counseling

Counseling & Coaching

You can thrive. We can help.

  • New research says that there might be a link between one’s psychological health and their seasonal or perennial (nonseasonal) allergies.
  • Study participants reported seasonal allergies like pollen, perennial allergies like house dust, and allergies to other substances like food and drugs.
  • Additionally, they answered questions related to their psychological health, specifically about their experiences with depression, anxiety, and stress.
  • The research team found that people with generalized anxiety suffered from pollen allergies more often, while year-round allergies were less frequent.
  • In addition, researchers found a link between depression and perennial allergies; however, it wasn’t clear whether depression raises one’s risk for developing perennial allergies or vice versa.

Quick Summary

A new study “Different Psychosocial Factors Are Associated with Seasonal and Perennial Allergies in Adults: Cross-Section-aI Results of the Kora FF4 Study,” published in International Archives of Allergy and Immunology, found a possible link between one’s psychological health and seasonal as well as perennial allergies. The team found that seasonal allergies are more common in people with anxiety, while perennial allergies are more common in people with depression.

Goals

Past research has shown that psychological health affects skin or allergic asthma. This current study, however, was interested in the possible connection between psychological health and other allergies, specifically seasonal, perennial, and food and drug allergies.

Investigation

Researchers conducted interviews with over 1,700 people in Augsburg, Germany. These participants answered questions about their allergies. More specifically, they reported seasonal allergies like pollen, perennial allergies (or nonseasonal allergies) like house dust or animal hair, and allergies to other substances like food and drugs. Additionally, they answered questions about their psychological health, specifically their experiences with depression, anxiety, and severe stress.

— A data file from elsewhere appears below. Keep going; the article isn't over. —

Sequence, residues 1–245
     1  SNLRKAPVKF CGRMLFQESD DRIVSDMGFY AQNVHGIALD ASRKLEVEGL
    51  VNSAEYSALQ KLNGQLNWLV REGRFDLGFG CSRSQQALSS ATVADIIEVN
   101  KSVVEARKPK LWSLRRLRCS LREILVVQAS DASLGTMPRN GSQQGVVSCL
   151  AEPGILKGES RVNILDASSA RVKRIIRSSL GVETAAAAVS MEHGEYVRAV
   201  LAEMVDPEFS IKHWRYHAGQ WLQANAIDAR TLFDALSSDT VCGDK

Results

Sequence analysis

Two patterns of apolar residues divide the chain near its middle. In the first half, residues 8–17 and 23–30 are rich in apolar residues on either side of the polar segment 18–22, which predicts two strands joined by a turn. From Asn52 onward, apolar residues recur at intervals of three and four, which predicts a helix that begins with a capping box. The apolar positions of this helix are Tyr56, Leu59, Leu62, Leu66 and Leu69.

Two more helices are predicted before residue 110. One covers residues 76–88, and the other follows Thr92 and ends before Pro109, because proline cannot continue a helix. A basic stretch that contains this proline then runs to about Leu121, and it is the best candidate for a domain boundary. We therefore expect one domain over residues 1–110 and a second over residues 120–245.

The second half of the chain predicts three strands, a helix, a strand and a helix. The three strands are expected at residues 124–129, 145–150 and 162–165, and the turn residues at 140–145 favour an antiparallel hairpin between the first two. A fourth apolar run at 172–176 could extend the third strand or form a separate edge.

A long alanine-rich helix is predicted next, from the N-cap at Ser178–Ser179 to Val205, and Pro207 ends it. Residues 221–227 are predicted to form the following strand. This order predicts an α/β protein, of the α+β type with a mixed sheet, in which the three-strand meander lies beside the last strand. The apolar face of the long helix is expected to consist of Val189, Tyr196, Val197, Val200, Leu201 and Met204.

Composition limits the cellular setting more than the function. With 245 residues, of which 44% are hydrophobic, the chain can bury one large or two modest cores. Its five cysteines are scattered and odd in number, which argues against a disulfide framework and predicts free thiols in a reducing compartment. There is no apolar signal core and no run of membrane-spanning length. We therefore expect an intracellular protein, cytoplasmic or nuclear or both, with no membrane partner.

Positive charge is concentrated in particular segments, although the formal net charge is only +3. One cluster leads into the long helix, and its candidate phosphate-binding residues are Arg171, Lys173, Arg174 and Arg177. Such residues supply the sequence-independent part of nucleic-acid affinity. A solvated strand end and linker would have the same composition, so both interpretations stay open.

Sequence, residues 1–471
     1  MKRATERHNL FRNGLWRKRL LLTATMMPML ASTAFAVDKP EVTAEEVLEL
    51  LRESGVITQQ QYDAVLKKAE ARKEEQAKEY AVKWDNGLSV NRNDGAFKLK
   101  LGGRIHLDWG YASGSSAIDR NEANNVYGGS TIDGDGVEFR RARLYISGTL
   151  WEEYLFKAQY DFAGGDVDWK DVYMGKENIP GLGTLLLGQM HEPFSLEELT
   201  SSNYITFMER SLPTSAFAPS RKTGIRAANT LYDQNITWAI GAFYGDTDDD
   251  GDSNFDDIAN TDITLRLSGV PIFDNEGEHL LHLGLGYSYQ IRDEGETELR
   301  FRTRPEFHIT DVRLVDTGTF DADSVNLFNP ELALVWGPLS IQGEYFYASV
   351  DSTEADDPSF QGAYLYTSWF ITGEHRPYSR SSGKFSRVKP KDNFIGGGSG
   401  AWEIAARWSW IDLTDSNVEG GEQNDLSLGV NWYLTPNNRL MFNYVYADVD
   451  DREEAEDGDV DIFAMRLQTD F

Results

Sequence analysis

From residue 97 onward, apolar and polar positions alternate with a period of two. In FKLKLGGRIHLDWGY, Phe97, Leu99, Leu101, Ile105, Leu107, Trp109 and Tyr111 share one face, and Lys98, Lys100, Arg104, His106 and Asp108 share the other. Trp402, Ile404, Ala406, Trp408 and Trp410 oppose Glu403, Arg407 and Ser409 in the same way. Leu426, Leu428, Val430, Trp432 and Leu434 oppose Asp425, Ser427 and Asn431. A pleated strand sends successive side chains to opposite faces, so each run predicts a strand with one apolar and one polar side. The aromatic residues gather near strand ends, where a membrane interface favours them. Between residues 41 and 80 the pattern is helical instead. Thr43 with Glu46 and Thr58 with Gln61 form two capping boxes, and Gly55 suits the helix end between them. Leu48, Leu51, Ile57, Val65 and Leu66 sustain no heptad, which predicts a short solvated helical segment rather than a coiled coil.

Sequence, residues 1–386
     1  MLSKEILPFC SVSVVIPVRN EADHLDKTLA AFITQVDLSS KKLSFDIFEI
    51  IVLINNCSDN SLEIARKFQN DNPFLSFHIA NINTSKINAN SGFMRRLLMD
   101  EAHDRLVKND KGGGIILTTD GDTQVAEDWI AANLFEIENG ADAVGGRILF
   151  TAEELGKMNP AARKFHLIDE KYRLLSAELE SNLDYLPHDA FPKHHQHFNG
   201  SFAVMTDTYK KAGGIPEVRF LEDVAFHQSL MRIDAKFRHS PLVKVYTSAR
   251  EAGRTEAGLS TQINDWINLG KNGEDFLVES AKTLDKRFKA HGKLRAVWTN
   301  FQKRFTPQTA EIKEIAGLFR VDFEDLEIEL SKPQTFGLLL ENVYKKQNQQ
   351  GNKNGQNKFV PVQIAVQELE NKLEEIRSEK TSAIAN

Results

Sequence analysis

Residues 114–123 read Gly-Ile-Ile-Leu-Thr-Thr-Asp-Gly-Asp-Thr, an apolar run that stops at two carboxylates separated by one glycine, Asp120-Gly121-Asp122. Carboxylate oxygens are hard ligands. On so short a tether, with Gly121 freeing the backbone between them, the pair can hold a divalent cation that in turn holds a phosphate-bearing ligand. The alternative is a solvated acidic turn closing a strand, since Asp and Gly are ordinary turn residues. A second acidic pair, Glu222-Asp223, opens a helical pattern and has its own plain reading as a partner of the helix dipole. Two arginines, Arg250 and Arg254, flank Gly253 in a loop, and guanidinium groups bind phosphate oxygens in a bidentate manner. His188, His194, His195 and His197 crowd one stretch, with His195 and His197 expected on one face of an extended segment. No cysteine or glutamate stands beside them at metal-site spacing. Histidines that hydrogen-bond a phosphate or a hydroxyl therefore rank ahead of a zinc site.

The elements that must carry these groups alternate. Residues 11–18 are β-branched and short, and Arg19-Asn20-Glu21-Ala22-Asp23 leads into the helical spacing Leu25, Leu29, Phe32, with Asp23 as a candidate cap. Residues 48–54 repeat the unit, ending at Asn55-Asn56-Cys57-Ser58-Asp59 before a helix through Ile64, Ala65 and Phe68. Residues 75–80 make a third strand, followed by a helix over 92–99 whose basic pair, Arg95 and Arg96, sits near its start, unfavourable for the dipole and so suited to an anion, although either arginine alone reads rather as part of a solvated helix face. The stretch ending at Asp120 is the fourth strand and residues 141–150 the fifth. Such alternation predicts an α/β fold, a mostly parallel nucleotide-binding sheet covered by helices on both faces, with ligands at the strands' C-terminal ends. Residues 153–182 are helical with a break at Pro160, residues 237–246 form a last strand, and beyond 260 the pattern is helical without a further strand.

Results

The team saw that 27.4% of those interviewed reported suffering from allergies: 7.7% from perennial, 6.1% from seasonal, and 13.6% from allergies to other substances.

They found that people with generalized anxiety disorders suffered from pollen allergies more often, while year-round allergies were less frequent in these individuals. The team hypothesizes that people with persistent allergies develop different coping strategies to manage stress, which defend them against anxiety.

Additionally, the researchers saw a link between perennial allergies and depression. However, it wasn’t clear whether perennial allergies increase susceptibility to depression or if, contrarily, depression increases one’s risk for allergies. Finally, surprisingly, there was no link between psychological factors and food or drug allergies.

Implications

The researchers plan to back up their findings from these self-reports by testing a blood sample from each participant. They say the biggest takeaway from their study right now is the importance of individualized care for patients, which considers different factors in one’s health like their allergies and psychosocial factors.

Limitations

  • To the researchers’ own admission, young people are underrepresented, as the average age of participants is 61 years.
  • Additionally, these results are based on self-reported allergies and psychological health rather than official diagnoses.

Sources:

Technical University of Munich (TUM). (2019, May 28). Pollen allergies occur more frequently in anxiety sufferers: Interplay between psychological factors and allergies in the research spotlight. ScienceDaily. Retrieved June 7, 2019 from www.sciencedaily.com/releases/2019/05/190528120450.htm

Taylor Bennett

Taylor Bennett

Taylor Bennett is a staff writer at Thriveworks. She devotes herself to distributing important information about mental health and wellbeing, writing mental health news and self-improvement tips daily. Taylor received her bachelor’s degree in multimedia journalism, with minors in professional writing and leadership from Virginia Tech. She has published content on Thought Catalog, Odyssey, and The Traveling Parent.

Interested in writing for us?


Read our guidelines
Share This